Nyquist Plot gives the frequency response as well as comments on the stability and the relative stability of the system.

## Nyquist Stability Criteria:

The Nyquist criteria is a semi graphical method that determines stability of CL system investigating the properties of the frequency domain plot (Polar plot), the Nyquist plot of the OLTF G(S) H(S) is L(S)

L(S) = G(S)H(S)

Specially, the Nyquist plot of L(S) is a plot which we draw by substituting S=jw and varying the value of w as per the polar plot. In polar plot we take one sided frequency response ( 0 – ∞) in Nyquist plot we will vary the frequency in entire range possible from ( -∞ to 0 ) and (0 to ∞ )

**Nyquist Criteria also gives** :-

(1). In addition to providing the absolute stability like other plots, the Nyquist criteria also gives information on the relative stability of a stable system and the degree of instability of an unstable system.

(2). It also gives indications on how we can improve the system stability.

(3). The Nyquist plot of G(S) H(S) is the polar plot of G(S) H(S) drawn with wider range of frequency ( -∞ to ∞ ) and along the Nyquist path.

(4). The Nyquist plot of G(S) H(S) gives information on frequency domain characteristics such as B.W, gain margin and phase margin.

## Construction of Nyquist Plot

**Encirclement :**

A point or region in a complex function phase i.e. S-plane is said to be encircled by a closed path if it is found inside the path.

**Assumption :-**

In this example the encirclement of point A is by the closed path Y. Since, A is inside the closed path point B is not encircled by y. it is outside the path. Furthermore when the closed path Y, has a direction assigned to it, encirclement, if made, can be in the clockwise direction or in the anti-clockwise direction.

Point A is encircled by Y in an anticlockwise direction. We can say that the region inside the path is encircled in the prescribed direction and the region outside the path is not encircled.

**Enclosure**

A point or region is said to be enclosed by a closed path if it is encircled in the counterclockwise direction, or the point or region lies to the left of the path (always), when the path is traveling in the prescribed direction.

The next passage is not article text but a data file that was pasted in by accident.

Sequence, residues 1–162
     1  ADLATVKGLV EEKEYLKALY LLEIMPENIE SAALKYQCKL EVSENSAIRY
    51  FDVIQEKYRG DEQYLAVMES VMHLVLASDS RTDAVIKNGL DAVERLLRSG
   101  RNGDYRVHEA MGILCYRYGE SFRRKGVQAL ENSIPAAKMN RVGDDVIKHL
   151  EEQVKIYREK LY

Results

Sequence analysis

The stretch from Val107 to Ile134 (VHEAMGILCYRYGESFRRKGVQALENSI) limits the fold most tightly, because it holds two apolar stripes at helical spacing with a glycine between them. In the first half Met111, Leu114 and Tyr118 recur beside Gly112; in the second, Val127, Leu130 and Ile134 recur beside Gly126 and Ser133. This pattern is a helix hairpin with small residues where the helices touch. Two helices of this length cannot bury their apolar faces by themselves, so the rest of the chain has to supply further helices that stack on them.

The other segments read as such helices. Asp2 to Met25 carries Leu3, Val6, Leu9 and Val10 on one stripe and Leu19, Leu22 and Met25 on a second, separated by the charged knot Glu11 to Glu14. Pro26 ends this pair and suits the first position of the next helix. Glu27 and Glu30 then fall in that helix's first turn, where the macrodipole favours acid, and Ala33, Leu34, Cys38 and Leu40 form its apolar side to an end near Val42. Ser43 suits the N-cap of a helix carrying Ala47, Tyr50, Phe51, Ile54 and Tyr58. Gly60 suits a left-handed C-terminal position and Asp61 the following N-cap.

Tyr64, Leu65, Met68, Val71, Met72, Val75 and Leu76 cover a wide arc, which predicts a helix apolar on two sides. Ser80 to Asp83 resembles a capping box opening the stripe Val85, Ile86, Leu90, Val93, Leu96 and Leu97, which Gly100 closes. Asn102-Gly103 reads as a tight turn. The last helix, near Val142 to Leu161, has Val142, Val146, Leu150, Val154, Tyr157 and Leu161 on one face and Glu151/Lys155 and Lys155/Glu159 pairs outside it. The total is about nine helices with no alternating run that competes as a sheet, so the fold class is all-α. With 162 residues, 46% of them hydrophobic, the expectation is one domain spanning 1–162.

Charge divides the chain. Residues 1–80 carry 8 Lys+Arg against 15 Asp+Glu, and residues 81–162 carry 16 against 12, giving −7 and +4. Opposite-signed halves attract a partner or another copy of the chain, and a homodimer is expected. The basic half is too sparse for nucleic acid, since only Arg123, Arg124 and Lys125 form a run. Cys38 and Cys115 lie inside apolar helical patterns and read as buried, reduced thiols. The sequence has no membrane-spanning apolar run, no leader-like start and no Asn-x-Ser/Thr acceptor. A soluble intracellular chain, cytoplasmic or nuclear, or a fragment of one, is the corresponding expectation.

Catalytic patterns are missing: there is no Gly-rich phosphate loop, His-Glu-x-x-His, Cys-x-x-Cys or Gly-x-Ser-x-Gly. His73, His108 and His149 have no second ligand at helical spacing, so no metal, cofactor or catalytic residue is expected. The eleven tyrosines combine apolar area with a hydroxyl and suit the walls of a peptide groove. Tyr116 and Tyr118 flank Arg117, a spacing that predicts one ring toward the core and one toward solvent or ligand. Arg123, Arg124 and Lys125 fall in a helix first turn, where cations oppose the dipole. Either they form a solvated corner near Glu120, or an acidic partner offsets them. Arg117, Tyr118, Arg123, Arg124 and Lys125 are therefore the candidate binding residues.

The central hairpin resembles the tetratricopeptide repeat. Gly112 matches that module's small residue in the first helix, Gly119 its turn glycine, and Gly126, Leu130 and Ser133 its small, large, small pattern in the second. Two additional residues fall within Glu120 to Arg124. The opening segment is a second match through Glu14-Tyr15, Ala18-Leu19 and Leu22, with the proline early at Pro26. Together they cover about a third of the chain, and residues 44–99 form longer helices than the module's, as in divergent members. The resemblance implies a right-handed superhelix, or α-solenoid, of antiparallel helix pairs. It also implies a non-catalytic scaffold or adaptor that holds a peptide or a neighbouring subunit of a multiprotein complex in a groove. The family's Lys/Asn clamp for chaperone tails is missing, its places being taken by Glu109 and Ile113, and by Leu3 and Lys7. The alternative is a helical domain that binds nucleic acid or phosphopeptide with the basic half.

The concept of enclosure is particularly useful, if only a portion of a closed path is shown.

In this example the shaded region are

Let path Y enclose the area as we see above. In other words, the enclosure of point A is by Y in fig a. but there is no enclosure by Y in fig b. and for point B it is vice versa.

No of encirclements and enclosures

As it’s overlapping but 2 times in Same direction

When the closed path Y encircles any point, a no. N can is then the number of encirclements. The magnitude of N can be determined by drawing an arrow around the closed path Y.

Taking an arbitrary point S, and then moving around in clockwise direction and anti-clockwise direction respectively. We are getting a direction.

The path followed by S_{1} gives us the direction and this path which covers the total number of revolutions traveled by this point S_{1} is N or the net angle is ‘ 2 π N ’.

For B = 2 = N for A = 1 = N

In this eg. point A is encircled ones (or 2 π radians) by function Y and also point B is encircled twice (or 4 π radians)all in clockwise direction.

In diagram b again the encirclement of points A and B is in counter clockwise direction thus for this diagram the enclosure of A is one’s and that of B is twice.

By definition M is +ve for anticlockwise(direction) encirclement and –ve for clockwise encirclement.

OLTF as G(S) = (S + Z_{1})(S + Z_{2})/(S + P_{1})(S + P_{2}) H(S) = 1 – – (1)

CLTF = G(S)/1 + G(S)

CE = 1 + G(S)

= 1 + (S + Z_{1})(S + Z_{2})/(S + P_{1})(S + P_{2})

CE = (S + P_{1})(S + P_{2}) + (S + Z_{1})(S + Z_{2})/ (S + P_{1})(S + P_{2}) – – (2)

# Zeros of the characteristic equation are poles of CLTF (3 and 4).

For the closed loop system to be stable, zeros of CE(i.e. poles of CLTF) should not be located at the right half of the S-plane.

**Nyquist Path**

Then consider a contour, which covers the entire right half of the S-plane.

If q(s) maps each and every point along the boundary of contour then

q(S) =1+G(S)H(S)

We draw the CE is in S-domain. Now, as the CE : q(s) = 1 + G(S)H(S) contour is into the S-plane.

Hence q(S) contour may encircle the origin. Thus, the number of encirclement of q(S) contour with respect to origin is

N = Z – P

Where : Z_{1}P is zeros and poles of q(S)[CE]

N = Total no of encirclement of origin

· Z_{1}P = Zeros and poles of CE in the right half of S-plane

**** for the CL system to be stable Z=0 always.**

**Important **

**# Open loop System(stable) :-**

When OL system is stable P=0 i.e. no of poles on right half

N = Z – P

If P = 0

N = Z

- Now for CL system to be stable Z = 0
- N = 0
- i.e. q(s) contour should not encircle the origin.

**# Open loop system(unstable) :-**

Let P = 1 i.e. one OL pole is located in right half of S-plane i.e. OLTF is now unstable.

As N = Z – P

N = Z – 1

For CL system to be stable the only criteria is (Z=0) i.e.

N = -1

Therefore, q(S) contour should encircle the origin one’s in CW direction.

## Key takeaway:

(1). When the OL system is unstable then corresponding CL will be stable only when q(S) contour will encircle origin in CW direction.

(2). The no of encirclements should be equal to no of open loop poles located in the right half of S-plane.

** We can calculate the no of encirclements(N) by using G(S) contour (instead of q(S) contour) but the reference is -1+j0 instead of 0+j0 i.e. the no of encirclements should be w.r.t -1+j0 and not with the origin.

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